When the 28-75mm F/2.8 Di III RXD's autofocus actually works, it works beautifully. If you're experiencing trouble with your 28-75mm F/2.8, make sure your lens have the latest firmware
(Version 2 or higher). Tamron promised a high-speed, precise and quiet AF, and thanks to its RXD (Rapid eXtra-silent stepping Drive) motor unit, the autofocus on this lens does exactly that. It's not only fast and smooth; it's also satisfyingly accurate. More importantly, it works extremely well with Sony a7 III's Eye AF, which helps yield even better portraits.
(F2.8, 1/50, ISO 100, 64mm)
Our testing ultimately revealed the Tamron 28-75mm F/2.8 to be just as fast and accurate and quiet as Sony's G Master glass. Interestingly enough, there are some situations where the Tamron was faster, and others where the Sony was better. From a practical standpoint when both are operating flawlessly, they're close enough for professional work.
(F2.8, 1/320, ISO 100, 72mm)
The lens yields beautifully rounded bokeh at F2.8, thanks to its 9 rounded aperture blades, which make your close-ups and portraits even more appealing. It doesn't, of course, compare to Sony's 85mm F1.4 G Master prime whose bokeh is simply exquisite, but it's still pretty good. It's pleasing at 28mm, and it's smooth as butter at 70-75mm.
(F2.8, 1/800, ISO 100, 49mm)
(F2.8, 1/2500, ISO 100, 41mm)
(F2.8, 1/640, ISO 100, 62mm)
One of the most impressive things about the Tamron 28-75mm F/2.8 Di III RXD is its ability to capture incredible images. Its performance when it comes to image quality is so strong it was hard to switch to a different lens when we were shooting with it in the field.
In fact, the images we captured with this lens far outweigh the ones we took with the more expensive FE 24-70mm F/2.8 GM, at least in our opinion. The shots were super sharp, the colors it rendered were vivid, and it kept chromatic aberration well at bay. With enough light and proper exposure, you hardly need to do post work with this lens.
(F11, 1/200, ISO 100, 70mm)
Though fair warning, this is not a high-end lens, which means compromises have to be made, which in turn means that it has its faults. The lens did show signs of vignetting at both the wide and long end even at F11, but they're not so obvious that they ruin the shot. Additionally, there were some signs of distortion--especially when we got really close to our subjects.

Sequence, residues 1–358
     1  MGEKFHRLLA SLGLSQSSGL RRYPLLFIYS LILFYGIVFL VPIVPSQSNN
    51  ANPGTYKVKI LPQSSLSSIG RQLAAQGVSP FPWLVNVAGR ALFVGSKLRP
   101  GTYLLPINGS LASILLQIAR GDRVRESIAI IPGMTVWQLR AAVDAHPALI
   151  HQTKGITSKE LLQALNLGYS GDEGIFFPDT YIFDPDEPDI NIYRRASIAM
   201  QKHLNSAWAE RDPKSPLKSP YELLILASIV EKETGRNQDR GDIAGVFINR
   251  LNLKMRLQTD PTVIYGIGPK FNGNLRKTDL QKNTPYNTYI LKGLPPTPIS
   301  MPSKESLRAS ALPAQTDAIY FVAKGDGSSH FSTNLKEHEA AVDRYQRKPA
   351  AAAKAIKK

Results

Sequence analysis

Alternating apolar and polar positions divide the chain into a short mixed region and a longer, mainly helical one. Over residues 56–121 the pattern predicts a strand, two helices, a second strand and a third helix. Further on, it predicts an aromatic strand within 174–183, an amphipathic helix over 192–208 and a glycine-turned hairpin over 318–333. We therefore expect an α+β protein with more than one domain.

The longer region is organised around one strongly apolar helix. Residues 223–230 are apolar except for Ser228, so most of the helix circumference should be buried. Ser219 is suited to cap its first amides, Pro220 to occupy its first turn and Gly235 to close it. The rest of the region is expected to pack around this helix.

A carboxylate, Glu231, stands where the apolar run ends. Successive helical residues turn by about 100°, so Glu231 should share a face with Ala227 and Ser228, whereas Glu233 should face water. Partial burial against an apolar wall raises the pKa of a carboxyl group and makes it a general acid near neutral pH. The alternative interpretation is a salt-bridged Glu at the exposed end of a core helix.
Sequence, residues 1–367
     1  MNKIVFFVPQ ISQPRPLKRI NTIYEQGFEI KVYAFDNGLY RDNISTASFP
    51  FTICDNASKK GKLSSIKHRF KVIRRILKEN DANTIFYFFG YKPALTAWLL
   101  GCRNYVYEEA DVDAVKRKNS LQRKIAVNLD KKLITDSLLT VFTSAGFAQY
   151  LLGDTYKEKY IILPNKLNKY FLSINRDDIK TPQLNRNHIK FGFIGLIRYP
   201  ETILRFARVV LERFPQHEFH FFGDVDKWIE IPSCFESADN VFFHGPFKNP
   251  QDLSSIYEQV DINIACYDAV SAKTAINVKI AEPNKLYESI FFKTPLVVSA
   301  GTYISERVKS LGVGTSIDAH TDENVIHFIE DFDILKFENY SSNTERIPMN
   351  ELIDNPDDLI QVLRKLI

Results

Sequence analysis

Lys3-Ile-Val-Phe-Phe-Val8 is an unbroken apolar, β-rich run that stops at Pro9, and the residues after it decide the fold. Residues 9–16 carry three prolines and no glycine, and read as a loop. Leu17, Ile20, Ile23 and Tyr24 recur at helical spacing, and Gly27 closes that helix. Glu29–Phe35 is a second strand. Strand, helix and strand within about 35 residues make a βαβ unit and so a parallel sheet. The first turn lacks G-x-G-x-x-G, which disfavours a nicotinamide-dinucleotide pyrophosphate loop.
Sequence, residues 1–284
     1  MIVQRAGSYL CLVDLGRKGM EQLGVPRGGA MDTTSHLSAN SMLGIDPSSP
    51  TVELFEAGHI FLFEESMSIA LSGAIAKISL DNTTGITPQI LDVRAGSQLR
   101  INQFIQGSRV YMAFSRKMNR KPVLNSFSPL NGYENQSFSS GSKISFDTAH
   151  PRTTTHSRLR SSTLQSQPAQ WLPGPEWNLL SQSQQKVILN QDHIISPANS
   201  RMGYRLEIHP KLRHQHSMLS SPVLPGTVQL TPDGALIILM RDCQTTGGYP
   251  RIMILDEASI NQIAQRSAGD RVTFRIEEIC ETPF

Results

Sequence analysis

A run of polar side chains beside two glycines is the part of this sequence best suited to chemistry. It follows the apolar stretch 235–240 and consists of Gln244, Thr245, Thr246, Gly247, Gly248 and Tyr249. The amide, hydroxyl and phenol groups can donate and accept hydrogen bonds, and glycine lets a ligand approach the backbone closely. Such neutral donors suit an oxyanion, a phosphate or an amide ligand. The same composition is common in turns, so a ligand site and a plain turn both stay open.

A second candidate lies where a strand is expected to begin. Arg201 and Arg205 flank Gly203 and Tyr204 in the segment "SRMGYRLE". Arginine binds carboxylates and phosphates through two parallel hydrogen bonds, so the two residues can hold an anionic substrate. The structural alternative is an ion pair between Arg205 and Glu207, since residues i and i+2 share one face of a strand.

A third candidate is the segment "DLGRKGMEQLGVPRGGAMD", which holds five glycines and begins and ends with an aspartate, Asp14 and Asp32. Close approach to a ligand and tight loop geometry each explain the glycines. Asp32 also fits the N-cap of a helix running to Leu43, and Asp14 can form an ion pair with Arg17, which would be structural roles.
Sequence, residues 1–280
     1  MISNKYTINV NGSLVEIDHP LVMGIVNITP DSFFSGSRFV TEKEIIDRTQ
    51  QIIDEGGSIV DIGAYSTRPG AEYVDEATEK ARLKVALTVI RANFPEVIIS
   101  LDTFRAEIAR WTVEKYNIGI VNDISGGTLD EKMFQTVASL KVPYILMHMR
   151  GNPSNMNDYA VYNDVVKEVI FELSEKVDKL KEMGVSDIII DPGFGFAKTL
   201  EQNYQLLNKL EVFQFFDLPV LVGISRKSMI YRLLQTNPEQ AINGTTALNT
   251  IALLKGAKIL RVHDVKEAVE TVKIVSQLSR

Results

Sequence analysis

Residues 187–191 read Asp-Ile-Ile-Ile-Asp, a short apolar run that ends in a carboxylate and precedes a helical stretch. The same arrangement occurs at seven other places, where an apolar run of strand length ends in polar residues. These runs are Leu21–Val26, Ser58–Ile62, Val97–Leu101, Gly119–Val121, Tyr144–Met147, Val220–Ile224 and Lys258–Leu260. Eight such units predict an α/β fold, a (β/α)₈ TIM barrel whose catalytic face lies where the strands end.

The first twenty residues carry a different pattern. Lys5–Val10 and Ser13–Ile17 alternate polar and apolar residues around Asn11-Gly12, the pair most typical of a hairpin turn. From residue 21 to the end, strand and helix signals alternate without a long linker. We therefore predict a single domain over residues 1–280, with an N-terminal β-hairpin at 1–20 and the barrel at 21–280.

(F22, 1/80, ISO 100, 28mm)
The one major image quality flaw, though, is that there are considerable manifestations of ghosting and flare. The BBAR (Broad-Band Anti-Reflection) Coating is supposed to reduce all that, but it's just not enough. If this is a deal breaker, you're probably better off shelling out a few more bucks with better ghosting and flare reduction. Though know that these can be avoided by using a hood, slapping on a filter or just pointing away from the light source altogether.
PROS & CONS
- Sharp, beautiful images
- Great color rendering
- Fast and precise focusing
- Nice bokeh
- Little to zero chromatic aberration
- Zoom/focus rings have enough resistance
- Weather sealing
- Affordable price
- Zoom and focus rings are in a different order
- Signs of ghosting and flare
- Some distortion
(F2.8, 1/60, ISO 100, 64mm)
For only $800, Tamron's 28-75mm f/2.8 Di III RXD is everything we could hope for in an E-mount lens that is within most hobbyists' budget. It takes incredible images, with the sharpness and color rendition that rivals its higher-end counterparts. And it boasts moisture and dust resistance to withstand typical outdoor shooting challenges. Combined with the fact that it feels great in our hands, thanks to its compact body, lightweight, and well-built rings, makes us want to keep using it instead of switching to a different lens.
(F10, 1/200, ISO 100, 65mm)
Is it as great as the G Master lens? No, but it's fast and precise and quiet and has the potential to be one of the best E-mount lenses on the market in 2018...
Everyone is going to want one.